In the oncoming battle for the future of the nation's libraries, we are going to hear a lot of polarised opinions. On one side will be the devoted readers, the passionate defenders of library literacy who, as children, always took out as many books out as their library card allowed. On the other side, the affluent or apathetic readers, who see no further need for any kind of centralised public information facility.
As for me, well I have to admit that I don't use my local library that much. I maybe take my kids there for an hour or so every month. Our house is packed with a tottering stack of books and DVDs that will most likely outlive the time I have left to watch or read them, even if I live to be a hundred. I used to go to the library every day, to write and look at reference material, but my attendance waned as the library got noisier and the internet provided all the research material I could ever want. When I visit our local library nowadays, half the people are sitting at a computer terminal, watching YouTube or updating their Facebook status. I'm not really sure that providing access to YouTube has much of a public service remit.
But wait, I'm not advocating the closure of libraries, far from it. I don't think that I, or my children, should be the target audience for libraries. We can afford books - lots of them. My wife used to be a librarian, for heaven's sake. My children's literacy doesn't need much help from the state, but I'm aware that we might be the exception. With many adults not seeing a place for books anymore in our always-online society, how many children are growing up without a varied media diet that contains books alongside TV and XBox? We all know, somewhere deep in our hearts, that kids need to read. But with reading seeming more and more of a chore, isn't it easier to let that slip?
In Oxfordshire, where I live, 20 of the county's 43 libraries face the axe. I can imagine some of these - in posh areas like Summertown - being taken over by willing volunteers and continuing in some fashion. But what future for Blackbird Leys library, or Littlemore? Can people in these areas afford to work less in order to support a voluntary system? The very communities that desperately need these facilities will see them taken away. In five years time, families will be able to drive past the ex-library buildings - now housing a Tesco Express or Poundland - and spot the corpse of social mobility festering in the gutter.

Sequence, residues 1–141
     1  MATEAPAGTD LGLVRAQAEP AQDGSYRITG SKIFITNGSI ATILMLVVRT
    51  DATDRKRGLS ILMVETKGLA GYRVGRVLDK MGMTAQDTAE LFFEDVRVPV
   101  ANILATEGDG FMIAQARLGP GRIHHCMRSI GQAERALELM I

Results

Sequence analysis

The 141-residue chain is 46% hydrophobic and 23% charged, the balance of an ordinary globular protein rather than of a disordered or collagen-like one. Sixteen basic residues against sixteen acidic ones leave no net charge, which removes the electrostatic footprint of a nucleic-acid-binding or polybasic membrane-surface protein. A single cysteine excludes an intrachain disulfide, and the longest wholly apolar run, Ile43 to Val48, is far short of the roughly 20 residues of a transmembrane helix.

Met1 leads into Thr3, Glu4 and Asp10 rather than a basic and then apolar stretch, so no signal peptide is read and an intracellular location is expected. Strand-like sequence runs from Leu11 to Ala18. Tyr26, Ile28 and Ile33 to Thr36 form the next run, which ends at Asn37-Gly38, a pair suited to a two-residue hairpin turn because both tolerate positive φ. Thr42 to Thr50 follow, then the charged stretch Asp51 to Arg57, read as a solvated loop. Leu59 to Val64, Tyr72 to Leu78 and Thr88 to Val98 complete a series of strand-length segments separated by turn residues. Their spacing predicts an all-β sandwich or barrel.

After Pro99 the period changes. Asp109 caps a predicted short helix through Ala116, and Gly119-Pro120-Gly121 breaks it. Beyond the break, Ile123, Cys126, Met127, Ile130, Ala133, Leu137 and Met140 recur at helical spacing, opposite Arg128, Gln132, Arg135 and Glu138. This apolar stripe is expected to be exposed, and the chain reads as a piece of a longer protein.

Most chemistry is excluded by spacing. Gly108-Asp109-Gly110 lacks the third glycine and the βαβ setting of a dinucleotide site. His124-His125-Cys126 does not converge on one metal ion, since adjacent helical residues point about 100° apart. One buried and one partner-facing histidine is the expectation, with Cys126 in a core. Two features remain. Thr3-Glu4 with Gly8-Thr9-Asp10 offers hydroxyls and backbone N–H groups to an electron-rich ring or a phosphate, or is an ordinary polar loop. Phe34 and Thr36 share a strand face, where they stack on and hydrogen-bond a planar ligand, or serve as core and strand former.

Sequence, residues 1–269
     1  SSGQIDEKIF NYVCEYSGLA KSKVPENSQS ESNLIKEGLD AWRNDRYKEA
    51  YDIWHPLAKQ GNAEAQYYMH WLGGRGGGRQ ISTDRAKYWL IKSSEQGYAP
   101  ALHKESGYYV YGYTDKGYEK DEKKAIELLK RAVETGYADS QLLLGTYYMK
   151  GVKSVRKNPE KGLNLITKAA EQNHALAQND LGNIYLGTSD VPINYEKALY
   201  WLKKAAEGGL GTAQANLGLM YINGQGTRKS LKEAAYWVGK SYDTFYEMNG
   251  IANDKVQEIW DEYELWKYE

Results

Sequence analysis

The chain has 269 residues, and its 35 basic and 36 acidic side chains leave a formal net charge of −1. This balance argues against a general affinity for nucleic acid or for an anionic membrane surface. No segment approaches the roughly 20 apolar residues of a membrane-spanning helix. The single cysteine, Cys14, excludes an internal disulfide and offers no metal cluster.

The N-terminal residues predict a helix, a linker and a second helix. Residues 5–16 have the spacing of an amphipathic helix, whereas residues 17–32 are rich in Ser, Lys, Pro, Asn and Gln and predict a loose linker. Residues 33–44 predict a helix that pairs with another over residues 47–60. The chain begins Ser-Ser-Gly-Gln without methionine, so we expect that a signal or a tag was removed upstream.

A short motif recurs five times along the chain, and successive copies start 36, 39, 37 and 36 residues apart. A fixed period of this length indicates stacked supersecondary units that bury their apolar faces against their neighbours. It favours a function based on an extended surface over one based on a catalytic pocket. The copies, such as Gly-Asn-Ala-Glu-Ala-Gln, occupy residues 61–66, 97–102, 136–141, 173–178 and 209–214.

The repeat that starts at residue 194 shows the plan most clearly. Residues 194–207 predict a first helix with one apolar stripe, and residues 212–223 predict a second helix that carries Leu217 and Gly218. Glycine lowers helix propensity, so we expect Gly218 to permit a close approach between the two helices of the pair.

Admittedly, as a children's author I have a vested interest here. PLR might be unlikely to provide me with much income in the future, but libraries are wonderful for promoting that most elusive of magical ingredients - word of mouth. It's no decision at all for a child to take a risk on a book from the library - if they don't like it then all they've spent is a few calories carrying the book home. In a bookshop, however, they face a very expensive choice - how likely are they to choose my book over a more established author? Kids have always been incredibly media literate - who knows if one might talk about a book of mine they've read or construct a playground game around it? Libraries are a great vehicle for getting the word out about my writing and a great venue for author events.
I don't know what the answer is to saving our libraries. But I do know that they are a vital public service and we need to make a hell of a lot of noise about their potential demise.
Some other links on this important subject:
Campaign for the Book Official Facebook Site
Notes from the Slushpile - Bye Bye Libraries. Bye Bye Civilization
Why you should care about libraries
Open Letter to Jeremy Hunt MP, John Penrose MP and Ed Vaizey MP
Why Libraries Really, Really Matter